Ahadi, A, Lister, R & Mathieson, L 2019, 'ArAl: An Online Tool for Source Code Snapshot Metadata Analysis', Proceedings of the Twenty-First Australasian Computing Education Conference, Australasian Computing Education Conference, ACM, Australia, pp. 118-125.View/Download from: UTS OPUS or Publisher's site
Haque, MN, Mathieson, L & Moscato, P 2019, 'A Memetic Algorithm Approach to Network Alignment', The Genetic and Evolutionary Computation Conference, Prague, Czech Republic.View/Download from: UTS OPUS
Ahadi, A, Lister, R & Mathieson, L 2018, 'Syntax Error Based Quantification of the Learning Progress of the Novice Programmer', 23rd Conference on Innovation and Technology in Computer Science Education, Innovation and Technology in Computer Science Education, The Association for Computing Machinery, Inc., Larnaca, Cyprus, pp. 10-14.View/Download from: UTS OPUS or Publisher's site
Recent data-driven research has produced metrics for quantifying a novice programmer's error profile, such as Jadud's error quotient. However, these metrics tend to be context dependent and contain free parameters. This paper reviews the caveats of such metrics and proposes a more general approach to developing a metric. The online implementation of the proposed metric is publicly available at http://online-analysis-demo.herokuapp.com/.
Haque, MN, Mathieson, L & Moscato, P 2017, 'A Memetic Algorithm for community detection by maximising the Connected Cohesion', Proceedings of the 2017 IEEE Symposium Series on Computational Intelligence, IEEE Symposium Series on Computational Intelligence, IEEE, Honolulu, Hawaii, USA, pp. 1-8.View/Download from: UTS OPUS or Publisher's site
Community detection is an exciting field of research
which has attracted the interest of many researchers during the
last decade. While many algorithms and heuristics have been
proposed to scale existing approaches a relatively smaller number
of studies have looked at exploring different measures of quality
of the detected community.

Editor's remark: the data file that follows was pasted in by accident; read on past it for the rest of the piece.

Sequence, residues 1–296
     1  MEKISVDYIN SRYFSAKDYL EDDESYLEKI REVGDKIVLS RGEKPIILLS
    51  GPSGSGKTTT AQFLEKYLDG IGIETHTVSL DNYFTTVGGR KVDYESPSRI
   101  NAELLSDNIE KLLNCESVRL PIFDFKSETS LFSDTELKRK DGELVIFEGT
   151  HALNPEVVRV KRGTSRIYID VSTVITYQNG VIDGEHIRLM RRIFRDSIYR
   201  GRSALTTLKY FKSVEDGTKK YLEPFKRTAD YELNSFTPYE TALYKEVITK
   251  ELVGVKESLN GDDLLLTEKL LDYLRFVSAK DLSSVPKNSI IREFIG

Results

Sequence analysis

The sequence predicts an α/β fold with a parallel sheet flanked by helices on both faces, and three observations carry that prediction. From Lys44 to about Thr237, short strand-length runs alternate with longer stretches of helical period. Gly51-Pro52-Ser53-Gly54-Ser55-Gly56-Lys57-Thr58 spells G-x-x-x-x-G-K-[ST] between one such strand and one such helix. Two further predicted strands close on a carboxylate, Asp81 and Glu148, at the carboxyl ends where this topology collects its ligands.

Recently, a new score called 'cohesion' was introduced in the
computing literature. The cohesion score is based comparing the
number of triangles in a given group of vertices to the number
of triangles only partly in that group. In this contribution, we
propose a memetic algorithm that aims to find a subset of the
vertices of an undirected graph that maximizes the cohesion
score. The associated combinatorial optimisation problem is
known to be NP-Hard and we also prove it to be W-hard when
parameterized by the score. We used a Local Search individual
improvement heuristic to expand the putative solution. Then we
removed all vertices from the group which are not a part of
any triangle and expand the neighbourhood by adding triangles
which have at least two nodes already in the group. Finally we
compute the maximum connected component of this group.
The highest quality solutions of the memetic algorithm have
been obtained for four real-world network scenarios and we
compare our results with ground-truth information about the
graphs. We also compare the results to those obtained with eight
other community detection algorithms via interrater agreement
Our results give a new lower bound on the parameterized
complexity of this problem and give novel insights on its poten
de Vries, NJ, Arefin, AS, Mathieson, L, Lucas, B & Moscato, P 2016, 'Relative neighborhood graphs uncover the dynamics of social media engagement', Lecture Notes in Computer Science (including subseries Lecture Notes in Artificial Intelligence and Lecture Notes in Bioinformatics), International Conference on Advanced Data Mining and Applications, Springer, Gold Coast, Queensland, Australia, pp. 283-297.View/Download from: UTS OPUS or Publisher's site
In this paper, we examine if the Relative Neighborhood Graph (RNG) can reveal related dynamics of page-level social media metrics. A statistical analysis is also provided to illustrate the application of the method in two other datasets (the Indo-European Language dataset and the Shakespearean Era Text dataset). Using social media metrics on the world's 'top check-in locations' Facebook pages dataset, the statistical analysis reveals coherent dynamical patterns. In the largest cluster, the categories 'Gym', 'Fitness Center', and 'Sports and Recreation' appear closely linked together in the RNG. Taken together, our study validates our expectation that RNGs can provide a 'parameter-free" mathematical formalization of proximity. Our approach gives useful insights on user behaviour in social media page-level metrics as well as other applications.